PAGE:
Driving High? Information From The CO Department of Transportation
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Driving High? Information From The CO Department of Transportation


Since Colorado became the first state to legalize recreational marijuana in 2014, the Colorado Department of Transportation (CDOT) has used its unique position to remain on the forefront of traffic safety campaigns for marijuana-impaired driving. CDOT recently launched its new Drugged Driving Colorado website, DriveHighDUI.com, which features telling insights, current data, and a lengthy list of resources to help inform not only Coloradans but marijuana consumers and industry professionals nationwide. As communication shifts to a heavy online focus amid COVID-19, providing accurate and detailed information from a distance is more necessary than ever. 

Consumer Education

Consumer health and safety are important to all cannabis businesses, yet information on driving impaired can be hard to come by. CDOT’s website has educational resources that answer commonly asked questions and provide data and downloadable social media graphics, videos, and more. CDOT encourages the free use of its resources and information for in-store screens, website education pages, email blasts, blog/newsletter posts, or at conferences and trade shows. 

Frontline Employee Knowledge

Budtenders, manufacturing representatives, and trade publications are the voices most trusted by cannabis consumers. Educating all staff can help dispel false perceptions of cannabis-impaired driving and help change behaviors around driving high. Learn the basics and keep up with the latest news on the Featured News section of DriveHighDUI.com. If you have industry news or an article idea, please reach out to CDOT Traffic Safety Manager Sam Cole at sam.cole@state.co.us.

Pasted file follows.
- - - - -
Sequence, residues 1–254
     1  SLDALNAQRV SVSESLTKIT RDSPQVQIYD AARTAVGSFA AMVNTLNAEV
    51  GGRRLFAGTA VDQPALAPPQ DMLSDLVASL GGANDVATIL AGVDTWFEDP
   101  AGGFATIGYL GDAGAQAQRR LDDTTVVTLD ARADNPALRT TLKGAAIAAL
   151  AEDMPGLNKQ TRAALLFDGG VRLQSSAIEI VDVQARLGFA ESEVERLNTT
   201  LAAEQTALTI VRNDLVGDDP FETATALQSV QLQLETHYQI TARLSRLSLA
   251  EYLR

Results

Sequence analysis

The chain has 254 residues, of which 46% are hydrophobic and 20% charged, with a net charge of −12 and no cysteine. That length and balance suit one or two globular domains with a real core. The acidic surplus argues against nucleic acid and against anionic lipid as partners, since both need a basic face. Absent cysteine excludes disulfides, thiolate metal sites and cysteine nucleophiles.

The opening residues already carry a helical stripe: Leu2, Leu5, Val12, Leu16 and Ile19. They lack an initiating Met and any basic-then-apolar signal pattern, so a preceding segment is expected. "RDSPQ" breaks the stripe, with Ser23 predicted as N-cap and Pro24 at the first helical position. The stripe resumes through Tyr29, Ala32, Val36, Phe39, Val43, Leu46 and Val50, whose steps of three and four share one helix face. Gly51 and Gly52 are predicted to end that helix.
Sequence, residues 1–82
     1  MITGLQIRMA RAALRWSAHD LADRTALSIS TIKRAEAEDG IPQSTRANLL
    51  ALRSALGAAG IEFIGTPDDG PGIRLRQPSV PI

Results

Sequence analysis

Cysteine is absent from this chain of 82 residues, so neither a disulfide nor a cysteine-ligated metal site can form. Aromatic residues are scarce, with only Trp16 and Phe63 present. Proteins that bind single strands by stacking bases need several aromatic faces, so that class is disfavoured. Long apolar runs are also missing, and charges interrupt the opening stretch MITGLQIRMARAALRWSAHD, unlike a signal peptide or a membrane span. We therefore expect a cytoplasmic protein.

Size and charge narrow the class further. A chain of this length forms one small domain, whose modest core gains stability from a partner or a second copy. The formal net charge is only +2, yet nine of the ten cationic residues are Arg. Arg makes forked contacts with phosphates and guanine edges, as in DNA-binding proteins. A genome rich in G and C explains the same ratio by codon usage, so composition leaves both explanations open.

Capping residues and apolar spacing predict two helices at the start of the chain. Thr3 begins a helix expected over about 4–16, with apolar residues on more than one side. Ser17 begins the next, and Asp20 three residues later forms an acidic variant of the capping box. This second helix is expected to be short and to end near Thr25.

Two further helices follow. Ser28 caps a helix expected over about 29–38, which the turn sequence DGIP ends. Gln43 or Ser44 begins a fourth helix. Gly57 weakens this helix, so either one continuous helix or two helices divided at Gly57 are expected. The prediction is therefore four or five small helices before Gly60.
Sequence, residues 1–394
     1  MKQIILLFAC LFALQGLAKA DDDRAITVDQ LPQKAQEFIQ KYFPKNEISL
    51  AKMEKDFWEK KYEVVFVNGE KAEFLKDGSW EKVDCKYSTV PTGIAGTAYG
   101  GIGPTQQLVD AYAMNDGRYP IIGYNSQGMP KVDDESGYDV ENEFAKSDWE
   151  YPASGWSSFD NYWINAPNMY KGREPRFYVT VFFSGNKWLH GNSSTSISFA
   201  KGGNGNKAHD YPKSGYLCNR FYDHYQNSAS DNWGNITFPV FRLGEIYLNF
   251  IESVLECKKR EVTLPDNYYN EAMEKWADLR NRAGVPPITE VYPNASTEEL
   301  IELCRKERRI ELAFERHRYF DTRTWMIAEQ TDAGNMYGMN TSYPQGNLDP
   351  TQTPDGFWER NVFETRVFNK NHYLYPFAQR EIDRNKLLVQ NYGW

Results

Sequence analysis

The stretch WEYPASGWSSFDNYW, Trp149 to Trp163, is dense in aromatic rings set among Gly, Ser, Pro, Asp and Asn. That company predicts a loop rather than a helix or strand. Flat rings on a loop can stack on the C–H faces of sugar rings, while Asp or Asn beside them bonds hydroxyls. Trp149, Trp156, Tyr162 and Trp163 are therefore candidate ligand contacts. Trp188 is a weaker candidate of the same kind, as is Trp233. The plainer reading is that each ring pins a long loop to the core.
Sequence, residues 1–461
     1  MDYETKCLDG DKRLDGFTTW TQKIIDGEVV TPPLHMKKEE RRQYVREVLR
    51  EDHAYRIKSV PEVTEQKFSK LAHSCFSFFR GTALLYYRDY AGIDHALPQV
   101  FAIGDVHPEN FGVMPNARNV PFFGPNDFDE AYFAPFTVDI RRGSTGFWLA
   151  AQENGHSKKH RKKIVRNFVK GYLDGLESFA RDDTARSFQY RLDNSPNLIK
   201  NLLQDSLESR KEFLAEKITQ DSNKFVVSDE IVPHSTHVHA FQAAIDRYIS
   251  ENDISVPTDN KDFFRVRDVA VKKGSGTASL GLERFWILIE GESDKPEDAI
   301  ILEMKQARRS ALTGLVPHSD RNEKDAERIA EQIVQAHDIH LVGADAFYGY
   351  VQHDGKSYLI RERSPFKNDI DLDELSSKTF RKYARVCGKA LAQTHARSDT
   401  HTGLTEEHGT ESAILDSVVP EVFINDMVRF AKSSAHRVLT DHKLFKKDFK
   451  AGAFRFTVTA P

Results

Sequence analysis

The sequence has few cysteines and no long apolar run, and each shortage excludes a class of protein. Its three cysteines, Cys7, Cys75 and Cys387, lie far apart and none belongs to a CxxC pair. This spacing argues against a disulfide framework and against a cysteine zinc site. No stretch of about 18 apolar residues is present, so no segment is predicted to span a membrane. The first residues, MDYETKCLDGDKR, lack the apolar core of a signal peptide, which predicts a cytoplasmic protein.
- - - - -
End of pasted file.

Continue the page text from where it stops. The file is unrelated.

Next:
Community Relations — Be A Valued Resource

Building relationships with the communities in which they operate is crucial to the health and wellbeing of the cannabis industry. CDOT has partnered with health care organizations, nonprofits, universities, and neighborhood groups to communicate the dangers of driving high. Affecting change takes cooperation — and cannabis companies can use these resources to open a dialogue with local, state, or national organizations to help spread the word. 

Impaired driving from alcohol and/or other drugs is one of the leading causes of traffic deaths on Colorado’s roads, accounting for approximately one-quarter of all fatalities. This is an issue that affects all of us. CDOT hopes its ongoing efforts to educate cannabis consumers extend beyond Colorado’s borders and we encourage NCIA members and industry organizations across the nation to take advantage of the available resources so we can lead by example and keep our communities safe.

 

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